3  Similarity, Difference and Complexity

3.1 Analyzing the Preambles of Constitutions

Did the United States constitution influence the constitutions of other countries? There is a growing scholarly train of thought that suggests the influence of the US Constitution has decreased over time, as it is increasingly divergent from an increasing global consensus of the importance of human rights to constitutional settlements. However, there is a lack of empirical and systematic knowledge about the extent to which the U.S. Constitution impacts the revision and adoption of formal constitutions across the world.1

  • 1 This problem set draws from material in Quantitative Social Science: An Introduction by Kosuke Imai.

  • David S. Law and Mila Versteeg (2012) investigate the influence of the US constitution empirically and show that other countries have, in recent decades, become increasingly unlikely to model the rights-related provisions of their own constitutions upon those found in the US Constitution. In this problem set, we will use some of the methods that we covered this week to replicate some parts of their analysis.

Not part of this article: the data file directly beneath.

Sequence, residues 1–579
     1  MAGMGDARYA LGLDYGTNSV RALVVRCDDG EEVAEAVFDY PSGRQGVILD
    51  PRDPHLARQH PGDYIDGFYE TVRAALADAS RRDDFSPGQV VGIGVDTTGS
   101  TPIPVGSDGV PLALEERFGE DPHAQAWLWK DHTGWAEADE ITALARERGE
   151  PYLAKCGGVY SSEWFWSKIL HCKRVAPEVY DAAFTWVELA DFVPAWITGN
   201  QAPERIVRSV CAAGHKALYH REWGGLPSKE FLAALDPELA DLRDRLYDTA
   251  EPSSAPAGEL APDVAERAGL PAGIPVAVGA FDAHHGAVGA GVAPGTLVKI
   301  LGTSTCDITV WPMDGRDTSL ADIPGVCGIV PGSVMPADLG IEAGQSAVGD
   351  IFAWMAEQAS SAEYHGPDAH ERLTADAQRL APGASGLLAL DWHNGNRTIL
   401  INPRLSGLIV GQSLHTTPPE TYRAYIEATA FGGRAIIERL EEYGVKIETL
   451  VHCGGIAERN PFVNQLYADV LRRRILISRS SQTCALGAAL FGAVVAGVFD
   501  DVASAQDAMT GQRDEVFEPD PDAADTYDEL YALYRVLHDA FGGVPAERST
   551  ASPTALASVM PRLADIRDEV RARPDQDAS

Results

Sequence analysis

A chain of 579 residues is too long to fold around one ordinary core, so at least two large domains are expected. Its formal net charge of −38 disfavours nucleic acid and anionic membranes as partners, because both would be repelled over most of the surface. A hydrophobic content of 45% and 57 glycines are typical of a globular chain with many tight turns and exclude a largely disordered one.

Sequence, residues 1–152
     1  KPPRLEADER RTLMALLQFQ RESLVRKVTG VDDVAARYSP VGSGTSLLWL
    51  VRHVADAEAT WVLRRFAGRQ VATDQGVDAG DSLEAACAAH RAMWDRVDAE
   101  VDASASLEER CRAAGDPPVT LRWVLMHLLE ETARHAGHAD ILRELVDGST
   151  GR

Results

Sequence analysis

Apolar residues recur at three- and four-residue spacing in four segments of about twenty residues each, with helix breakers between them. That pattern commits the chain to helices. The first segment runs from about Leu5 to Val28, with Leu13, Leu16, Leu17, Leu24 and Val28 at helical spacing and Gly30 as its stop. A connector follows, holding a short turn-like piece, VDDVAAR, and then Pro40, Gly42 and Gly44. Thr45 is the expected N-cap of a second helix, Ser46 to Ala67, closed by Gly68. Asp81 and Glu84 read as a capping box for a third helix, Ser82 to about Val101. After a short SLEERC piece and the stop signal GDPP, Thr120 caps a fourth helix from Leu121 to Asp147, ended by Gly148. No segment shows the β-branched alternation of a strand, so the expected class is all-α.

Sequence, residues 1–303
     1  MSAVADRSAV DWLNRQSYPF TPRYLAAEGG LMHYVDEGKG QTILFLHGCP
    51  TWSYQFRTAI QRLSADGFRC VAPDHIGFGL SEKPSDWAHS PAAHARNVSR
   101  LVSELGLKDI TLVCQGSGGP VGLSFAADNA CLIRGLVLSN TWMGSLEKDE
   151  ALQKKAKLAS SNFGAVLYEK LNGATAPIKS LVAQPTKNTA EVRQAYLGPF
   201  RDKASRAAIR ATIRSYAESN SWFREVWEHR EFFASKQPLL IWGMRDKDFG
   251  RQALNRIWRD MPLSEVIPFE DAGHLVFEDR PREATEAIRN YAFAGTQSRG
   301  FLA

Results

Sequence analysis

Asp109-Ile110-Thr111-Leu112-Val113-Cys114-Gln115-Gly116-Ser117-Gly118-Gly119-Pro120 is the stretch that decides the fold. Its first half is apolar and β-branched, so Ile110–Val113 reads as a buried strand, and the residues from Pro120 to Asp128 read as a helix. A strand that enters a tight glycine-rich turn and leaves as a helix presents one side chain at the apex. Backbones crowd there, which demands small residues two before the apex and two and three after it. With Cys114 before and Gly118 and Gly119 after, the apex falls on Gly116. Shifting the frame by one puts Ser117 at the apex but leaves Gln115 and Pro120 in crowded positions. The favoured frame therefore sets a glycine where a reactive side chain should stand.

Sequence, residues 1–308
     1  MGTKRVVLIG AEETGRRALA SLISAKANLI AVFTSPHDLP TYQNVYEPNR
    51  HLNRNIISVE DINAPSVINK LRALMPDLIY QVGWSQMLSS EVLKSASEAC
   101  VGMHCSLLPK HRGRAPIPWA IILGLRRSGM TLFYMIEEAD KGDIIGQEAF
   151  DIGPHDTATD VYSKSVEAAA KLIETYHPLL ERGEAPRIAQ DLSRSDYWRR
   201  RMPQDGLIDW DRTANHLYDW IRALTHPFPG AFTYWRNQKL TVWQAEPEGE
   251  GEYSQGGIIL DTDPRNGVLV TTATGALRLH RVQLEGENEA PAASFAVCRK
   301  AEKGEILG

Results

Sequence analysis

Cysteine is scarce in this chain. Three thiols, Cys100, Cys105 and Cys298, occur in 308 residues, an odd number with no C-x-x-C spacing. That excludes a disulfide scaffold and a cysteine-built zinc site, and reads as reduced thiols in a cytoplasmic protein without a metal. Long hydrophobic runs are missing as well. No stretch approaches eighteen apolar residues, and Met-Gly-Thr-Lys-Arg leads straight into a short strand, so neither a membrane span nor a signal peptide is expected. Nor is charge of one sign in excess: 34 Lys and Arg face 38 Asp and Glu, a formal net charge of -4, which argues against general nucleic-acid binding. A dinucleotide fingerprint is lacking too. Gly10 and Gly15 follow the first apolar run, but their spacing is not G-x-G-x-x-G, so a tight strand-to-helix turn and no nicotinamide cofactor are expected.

3.1.1 Data

    We will use two sources of data for today’s assignment.

    1. Preambles of Constitutionsconstitutions.csv

    This file contains the preambles of 155 (English-translated) constitutions. The data contains the following variables:

    Variables in the constituiton data.
    Variable Description
    country Name of the country
    continent Continent of the country
    year Year in which the constitution was written
    preamble Text of the preamble of the constitution

    Once you have downloaded this files and stored it somewhere sensible, you can load it into R using the following command:

    constitutions <- read_csv("constitutions.csv")